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The NHL Network was an American television syndication package that broadcast National Hockey League games from the 1975–76 through 1978–79 seasons. The NHL Network was distributed by the Hughes Television Network.
After being dropped by NBC after the 1974–75 season, the NHL had no national, network television contract in the United States. So in response to this, the league decided to put together a network of independent stations (covering approximately, 55% of the country).
Games typically aired on Monday nights (beginning at 8:00 p.m. ET) or Saturday afternoons. The package was offered to local stations with no rights fee. Profits would be derived from the advertising, which was about evenly split between the network and the local station. The Monday night games were often billed as The NHL Game of the Week. Only viewers in Buffalo, St. Louis, Pittsburgh, Detroit and Los Angeles got the Game of the Week on a different channel than their local team's games. Therefore, whenever a team had a “home” game, the NHL Network aired the home team's broadcast rather than their own.
During the 1975–76 season, the NHL Network showed selected games from the NHL Super Series (the big one in that package was Red Army at Philadelphia, but the package didn't include Red Army at Montreal on New Year's Eve 1975, which was seen only on CBC) as well as some playoff games. During the 1976–77 season, the NHL Network showed 12 regular season games on Monday nights plus the All-Star Game. By 1978–79 (the final season of the NHL Network's existence), there would be 18 Monday night games and 12 Saturday afternoon games covered.
1979 Challenge Cup replaced the All-Star Game. It was a best of three series between the NHL All-Stars against the Soviet Union national squad. Only the third period of Game 2, which was on a Saturday afternoon, was shown on CBS as part of The CBS Sports Spectacular. The network, the show, and their sponsors had a problem with the rink board advertising that the NHL sold at Madison Square Garden, and refused to allow them to be shown on TV. As a result, CBS' viewers were unable to see the far boards above the yellow kickplate, and could only see players' skates when the play moved to that side of the ice. Games 1 and 3 were shown on the NHL Network, where the advertising was no problem.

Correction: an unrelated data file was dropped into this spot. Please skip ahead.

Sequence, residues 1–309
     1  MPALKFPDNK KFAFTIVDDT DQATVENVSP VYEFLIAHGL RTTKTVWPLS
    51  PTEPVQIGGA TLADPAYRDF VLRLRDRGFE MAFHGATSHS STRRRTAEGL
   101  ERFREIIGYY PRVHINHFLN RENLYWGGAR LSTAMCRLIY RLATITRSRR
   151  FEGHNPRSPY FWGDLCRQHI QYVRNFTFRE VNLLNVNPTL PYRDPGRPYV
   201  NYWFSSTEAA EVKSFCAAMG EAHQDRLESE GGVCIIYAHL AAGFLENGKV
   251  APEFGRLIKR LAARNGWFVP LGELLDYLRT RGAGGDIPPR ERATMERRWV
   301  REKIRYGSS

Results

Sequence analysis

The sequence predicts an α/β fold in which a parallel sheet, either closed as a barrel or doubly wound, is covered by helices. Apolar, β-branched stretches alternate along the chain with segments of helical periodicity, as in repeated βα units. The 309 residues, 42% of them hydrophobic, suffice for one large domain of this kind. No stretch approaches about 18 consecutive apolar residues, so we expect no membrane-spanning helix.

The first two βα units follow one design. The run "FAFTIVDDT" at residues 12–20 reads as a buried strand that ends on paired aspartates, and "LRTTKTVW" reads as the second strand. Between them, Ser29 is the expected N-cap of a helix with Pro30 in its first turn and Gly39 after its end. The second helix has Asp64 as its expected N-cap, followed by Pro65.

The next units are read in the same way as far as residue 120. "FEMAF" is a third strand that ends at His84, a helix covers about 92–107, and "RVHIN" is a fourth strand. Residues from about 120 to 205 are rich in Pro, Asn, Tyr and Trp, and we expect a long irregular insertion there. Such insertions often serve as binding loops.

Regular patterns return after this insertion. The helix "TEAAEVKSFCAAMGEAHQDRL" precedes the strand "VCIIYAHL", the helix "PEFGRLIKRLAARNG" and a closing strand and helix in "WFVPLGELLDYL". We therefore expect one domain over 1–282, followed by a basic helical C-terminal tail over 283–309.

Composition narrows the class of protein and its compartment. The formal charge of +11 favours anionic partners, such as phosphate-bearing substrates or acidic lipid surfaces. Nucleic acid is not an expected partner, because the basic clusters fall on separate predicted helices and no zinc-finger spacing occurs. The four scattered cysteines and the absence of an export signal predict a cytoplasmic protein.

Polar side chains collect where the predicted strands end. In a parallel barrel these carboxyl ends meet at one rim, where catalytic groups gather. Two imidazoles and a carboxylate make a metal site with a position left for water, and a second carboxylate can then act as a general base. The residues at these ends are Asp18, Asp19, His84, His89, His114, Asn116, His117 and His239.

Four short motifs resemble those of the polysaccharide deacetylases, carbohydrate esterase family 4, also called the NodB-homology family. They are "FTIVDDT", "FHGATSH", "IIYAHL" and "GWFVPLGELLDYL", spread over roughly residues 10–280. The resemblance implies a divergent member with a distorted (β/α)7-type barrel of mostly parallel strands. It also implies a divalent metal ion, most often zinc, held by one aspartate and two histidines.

Saturday afternoon coverageEdit
When Saturday afternoon games were added, the NHL said that they would start at 1 p.m. and end by 4 p.m. Eastern Time Zone. Apparently, markets with only three stations were reluctant to give up prime time programming slots. Ultimately, the plan failed, as not only did they not gain new markets, many stations that already carried the Monday game didn't pick up the Saturday one. A few of the markets in the Eastern Time Zone that aired the Saturday afternoon games included Boston, Buffalo, New York City, Washington, D.C. and Springfield, Massachusetts.
In addition, the NHL gave stations the option of starting the Saturday afternoon broadcasts at 1 or starting at 2, with the full open and a first period summary preceding live action. WDCA (the Washington, D.C. affiliate) and WWLP (the Springfield, Massachusetts affiliate) took that option. WPGH in Pittsburgh and WTCG in Atlanta didn't pick up the Saturday package, leaving their markets without Saturday coverage. WPGH and WTCG also showed the Monday games on tape delay at midnight and 11:30 p.m. ET, respectively. Meanwhile, by 1978, WUAB in Cleveland and WBFF in Baltimore dropped hockey coverage completely.
Also in Buffalo, the Saturday afternoon games during the months of January and February were on WGRZ-TV. Meanwhile, the Saturday games during the month of March were on WUTV. WUTV carried the Monday Night Hockey package, while WGR was the over-the-air station for the Buffalo Sabres. In New York, WWOR-TV did not carry Saturday games in the months of January or February. Meanwhile, WNEW (also in New York) carried the March Saturday games (at 2 p.m.). In both Buffalo and New York, college basketball and World Championship Tennis knocked the NHL off its usual Monday night carrier.